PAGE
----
Kristin Tyndall, editor
As students return, so does the Beloit College Mindset List.
The list includes a variety of cultural, historical, and political facts from the past 18 years—the traditional age of a college freshman. The goal is to help faculty and administrators bridge generational gaps and communicate better with incoming students.
The authors of the lists say they serve as a reminder that your historical references won't always make sense to students. They add that the lists can also be useful as icebreakers, class discussions, and reflection essays. This could easily be adapted for the office as a teambuilding activity—look up the Mindset lists for each of the years your team members went to college, or let each person write a short list of their own, or ask everyone to discuss this year's list and how it might influence your interactions with this year's students.
From last year's list: They'll always disagree with their parents about which was the "first" Star Wars episode
This year's list is likely to make you feel old from the very first item: "Their classmates could include Eddie Murphy’s Zola and Mel Gibson's Tommy, or Jackie Evancho singing down the hall." I had to look up Zola, Tommy, and Jackie, which just goes to show you how lucky we are to have Wikipedia for interpreting the inscrutable references of "kids these days."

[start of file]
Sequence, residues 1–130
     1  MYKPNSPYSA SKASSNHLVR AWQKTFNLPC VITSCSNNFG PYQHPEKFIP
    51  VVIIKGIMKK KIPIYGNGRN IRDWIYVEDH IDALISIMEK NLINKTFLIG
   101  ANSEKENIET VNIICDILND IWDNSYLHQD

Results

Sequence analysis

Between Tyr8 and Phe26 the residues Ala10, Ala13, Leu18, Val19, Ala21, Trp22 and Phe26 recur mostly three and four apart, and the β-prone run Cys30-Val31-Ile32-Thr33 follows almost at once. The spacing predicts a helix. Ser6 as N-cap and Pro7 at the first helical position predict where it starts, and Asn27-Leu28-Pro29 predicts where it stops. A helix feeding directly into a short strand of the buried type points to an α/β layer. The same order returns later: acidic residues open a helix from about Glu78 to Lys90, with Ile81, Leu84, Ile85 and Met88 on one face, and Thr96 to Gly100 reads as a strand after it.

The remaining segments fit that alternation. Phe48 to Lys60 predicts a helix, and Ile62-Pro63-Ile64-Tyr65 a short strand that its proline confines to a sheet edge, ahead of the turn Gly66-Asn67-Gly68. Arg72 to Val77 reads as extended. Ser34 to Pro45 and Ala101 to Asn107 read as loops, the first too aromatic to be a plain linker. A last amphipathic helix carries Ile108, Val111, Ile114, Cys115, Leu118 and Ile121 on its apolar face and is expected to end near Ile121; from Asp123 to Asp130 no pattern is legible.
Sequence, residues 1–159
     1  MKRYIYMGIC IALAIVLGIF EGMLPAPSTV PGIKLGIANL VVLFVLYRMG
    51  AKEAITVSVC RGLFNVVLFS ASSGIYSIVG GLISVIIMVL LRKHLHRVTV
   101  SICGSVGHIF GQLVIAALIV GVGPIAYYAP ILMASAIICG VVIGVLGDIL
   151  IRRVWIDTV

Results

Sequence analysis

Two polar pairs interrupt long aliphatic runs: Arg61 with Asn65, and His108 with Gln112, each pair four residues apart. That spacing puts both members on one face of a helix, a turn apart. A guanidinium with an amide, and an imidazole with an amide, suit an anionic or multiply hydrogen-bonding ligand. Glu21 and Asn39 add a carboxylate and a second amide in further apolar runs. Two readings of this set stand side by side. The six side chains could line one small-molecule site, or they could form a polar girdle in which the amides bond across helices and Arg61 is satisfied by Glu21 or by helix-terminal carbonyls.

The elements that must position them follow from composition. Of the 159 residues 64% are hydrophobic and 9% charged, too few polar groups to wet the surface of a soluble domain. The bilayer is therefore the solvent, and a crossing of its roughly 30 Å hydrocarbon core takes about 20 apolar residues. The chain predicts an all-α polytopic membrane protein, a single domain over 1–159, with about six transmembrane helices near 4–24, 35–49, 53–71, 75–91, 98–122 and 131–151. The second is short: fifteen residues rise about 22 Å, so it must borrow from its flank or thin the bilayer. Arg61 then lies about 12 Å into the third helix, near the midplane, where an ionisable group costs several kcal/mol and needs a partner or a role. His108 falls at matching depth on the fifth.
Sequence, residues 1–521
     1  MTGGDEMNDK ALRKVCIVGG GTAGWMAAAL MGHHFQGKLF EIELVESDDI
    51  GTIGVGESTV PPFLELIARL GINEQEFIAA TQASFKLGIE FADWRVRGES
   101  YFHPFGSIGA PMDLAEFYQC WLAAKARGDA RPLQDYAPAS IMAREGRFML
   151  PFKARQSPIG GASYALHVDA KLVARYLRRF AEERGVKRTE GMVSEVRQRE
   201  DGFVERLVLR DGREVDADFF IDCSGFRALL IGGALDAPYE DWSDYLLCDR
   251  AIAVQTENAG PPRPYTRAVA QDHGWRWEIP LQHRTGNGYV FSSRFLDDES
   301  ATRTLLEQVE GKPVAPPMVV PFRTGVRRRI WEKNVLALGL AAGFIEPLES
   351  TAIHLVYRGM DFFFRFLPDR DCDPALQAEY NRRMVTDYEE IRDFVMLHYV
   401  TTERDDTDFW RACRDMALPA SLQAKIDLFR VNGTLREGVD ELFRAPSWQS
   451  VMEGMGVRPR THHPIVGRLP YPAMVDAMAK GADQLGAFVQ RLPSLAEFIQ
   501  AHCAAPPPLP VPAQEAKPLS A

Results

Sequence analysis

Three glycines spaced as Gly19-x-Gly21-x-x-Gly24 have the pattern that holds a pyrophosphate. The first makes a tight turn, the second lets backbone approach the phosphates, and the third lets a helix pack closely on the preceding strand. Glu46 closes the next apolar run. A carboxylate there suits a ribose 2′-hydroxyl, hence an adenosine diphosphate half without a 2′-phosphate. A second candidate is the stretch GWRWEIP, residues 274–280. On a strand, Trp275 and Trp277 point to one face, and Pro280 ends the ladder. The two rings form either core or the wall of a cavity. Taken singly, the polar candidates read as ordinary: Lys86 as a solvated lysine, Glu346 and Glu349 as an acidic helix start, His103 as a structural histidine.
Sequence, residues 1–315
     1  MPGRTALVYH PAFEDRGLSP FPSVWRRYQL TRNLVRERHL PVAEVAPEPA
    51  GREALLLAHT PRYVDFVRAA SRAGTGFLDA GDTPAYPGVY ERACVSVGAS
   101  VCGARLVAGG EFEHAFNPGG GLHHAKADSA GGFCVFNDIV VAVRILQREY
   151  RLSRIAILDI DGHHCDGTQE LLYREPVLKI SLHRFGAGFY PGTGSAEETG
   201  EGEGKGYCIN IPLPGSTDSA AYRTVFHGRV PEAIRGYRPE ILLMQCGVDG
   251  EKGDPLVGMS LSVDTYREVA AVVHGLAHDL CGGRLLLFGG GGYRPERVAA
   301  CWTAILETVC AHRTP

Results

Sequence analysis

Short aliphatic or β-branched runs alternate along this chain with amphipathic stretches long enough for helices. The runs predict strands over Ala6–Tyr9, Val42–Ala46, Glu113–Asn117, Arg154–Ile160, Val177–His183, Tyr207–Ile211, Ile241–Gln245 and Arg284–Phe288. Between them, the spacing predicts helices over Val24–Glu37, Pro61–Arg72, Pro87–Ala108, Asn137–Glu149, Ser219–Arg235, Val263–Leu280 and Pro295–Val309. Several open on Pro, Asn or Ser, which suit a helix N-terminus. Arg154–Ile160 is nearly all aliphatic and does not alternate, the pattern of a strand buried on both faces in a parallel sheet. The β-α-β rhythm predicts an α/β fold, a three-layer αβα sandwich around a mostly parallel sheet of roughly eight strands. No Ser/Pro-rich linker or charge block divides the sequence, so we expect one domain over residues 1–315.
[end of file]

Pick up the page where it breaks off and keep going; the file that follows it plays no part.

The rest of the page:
A few other list items that struck me this year:
- "They are the first generation for whom a 'phone' has been primarily a video game, direction finder, electronic telegraph, and research library;"
- "It is doubtful that they have ever used or heard the high-pitched whine of a dial-up modem;"
- "By the time they entered school, laptops were outselling desktops;"
- "Whatever the subject, there’s always been a blog for it;"
- "Justin Timberlake has always been a solo act;"
- "Bill Clinton has always been Hillary Clinton’s aging husband."
See the full list of 60 items here.
Over at Inside Higher Ed, Vanderbilt University Professor Robert Scherrer wrote his own entertaining list to help incoming students understand the perspective of a "typical 50-something professor," including:
- "There was only one computer on campus. It was called 'the computer;'"
- "There was only one phone company. It was called 'the phone company;'"
- "A student who was not in their room was impossible to reach on the phone;"
- "Students wrote papers on a mechanical word processor called a typewriter. At the end of every line, a bell would ring, signaling the student to slap the carriage holding the paper until it returned to the beginning of the line;"
- "High-tech students owned electric typewriters. They could perform a carriage return with the press of a key."
We'd love to hear from readers about items that you would write on your own Mindset List! Tweet us @EAB_Daily or email us at EABDailyBriefing@eab.com. If we get enough responses, we'll publish a few of them soon.
3 ways Gen Z differs from Millennials
Next in Today's Briefing
The first skill I look for in my employees, according to 11 CEOs